There is one other issue that I find intriguing in the call for submissions. The  call asks for views on the interpretation and effect of statements by permanent members of the UN Security Council on the adoption of Res. 1444. Readers may recall from previous EJIL:Talk coverage of the inquiry that when the former Attorney General Lord Goldsmith attended the inquiry he had much to say about meetings with the US and the impression this made on him in considering the meaning of Res. 1444. But I’m surprised that the inquiry seems to think that the intention of just the permanent members of the Council is relevant. Why is there no invitation to consider the intention and views of non-permanent members. I think this takes the distinction between permanent and non-permanent members too far. Whatever role the intention of members of the Council plays in interpreting a Security Council resolution I can see no reason in law for privileging the views of permament members over the others. If the statements of the members of the Council is to play any role at all in interpretation it would be to examine the intention of those who were involved in the adoption of it. In considering intention, it ought to be an examination of all those involved in the process of adoption as only that can shed light on what the Council as a whole thought it was doing. Sure, a resolution must have the support of permanent members but at the same time a resolution cannot pass with just the support of permament members. At least four non-permament members must support it.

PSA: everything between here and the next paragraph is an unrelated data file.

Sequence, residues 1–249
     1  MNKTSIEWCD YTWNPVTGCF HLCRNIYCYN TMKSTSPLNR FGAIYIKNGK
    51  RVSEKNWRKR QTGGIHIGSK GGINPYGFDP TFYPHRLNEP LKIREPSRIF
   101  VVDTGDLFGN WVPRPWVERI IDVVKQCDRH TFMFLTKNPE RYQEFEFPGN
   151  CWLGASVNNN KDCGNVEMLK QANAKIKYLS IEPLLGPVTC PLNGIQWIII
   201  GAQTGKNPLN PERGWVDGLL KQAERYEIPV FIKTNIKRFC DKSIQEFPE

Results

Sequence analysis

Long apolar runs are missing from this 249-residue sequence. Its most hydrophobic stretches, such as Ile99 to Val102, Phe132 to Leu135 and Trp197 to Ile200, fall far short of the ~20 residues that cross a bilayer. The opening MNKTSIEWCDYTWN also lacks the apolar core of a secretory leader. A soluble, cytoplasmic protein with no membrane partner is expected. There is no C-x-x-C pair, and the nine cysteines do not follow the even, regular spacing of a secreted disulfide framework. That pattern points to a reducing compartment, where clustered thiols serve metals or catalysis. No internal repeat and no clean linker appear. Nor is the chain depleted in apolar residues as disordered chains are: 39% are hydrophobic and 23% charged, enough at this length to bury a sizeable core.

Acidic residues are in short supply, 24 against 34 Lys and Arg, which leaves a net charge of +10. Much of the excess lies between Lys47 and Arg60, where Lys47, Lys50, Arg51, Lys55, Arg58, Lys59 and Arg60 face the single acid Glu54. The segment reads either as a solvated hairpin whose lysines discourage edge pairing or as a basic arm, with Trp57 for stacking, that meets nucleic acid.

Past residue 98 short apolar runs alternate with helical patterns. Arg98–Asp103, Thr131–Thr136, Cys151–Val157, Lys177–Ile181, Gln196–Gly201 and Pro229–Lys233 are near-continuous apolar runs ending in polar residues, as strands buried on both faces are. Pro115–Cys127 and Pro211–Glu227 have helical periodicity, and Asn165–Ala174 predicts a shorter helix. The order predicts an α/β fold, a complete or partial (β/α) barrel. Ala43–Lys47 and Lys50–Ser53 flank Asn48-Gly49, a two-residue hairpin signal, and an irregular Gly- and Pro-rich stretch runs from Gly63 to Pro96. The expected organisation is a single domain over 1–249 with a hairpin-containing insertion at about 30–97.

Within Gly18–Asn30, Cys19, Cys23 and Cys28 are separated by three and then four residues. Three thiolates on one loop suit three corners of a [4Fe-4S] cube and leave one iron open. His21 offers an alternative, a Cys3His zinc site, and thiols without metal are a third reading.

One final thing comes to mind with regard to this invitation. There is a call for expression of views on the correct approach to the interpretation of UN Security Council resolutions. There has been some literature on this since the controversy caused by the Iraq War regarding the interpretation of Res. 678, 687 & 1441. However, the leading article on this matter prior to 2003 (and perhaps still) was an article by one Michael Wood, “The Interpretation of Security Council Resolutions”, (1998) 2 Max Planck Yearbook of United Nations Law 73. Yes that same Michael Wood, later Sir Michael Wood, Legal Adviser to the UK’s Foreign and Commonwealth Office whose advice on the matter was rejected by the UK Attorney General !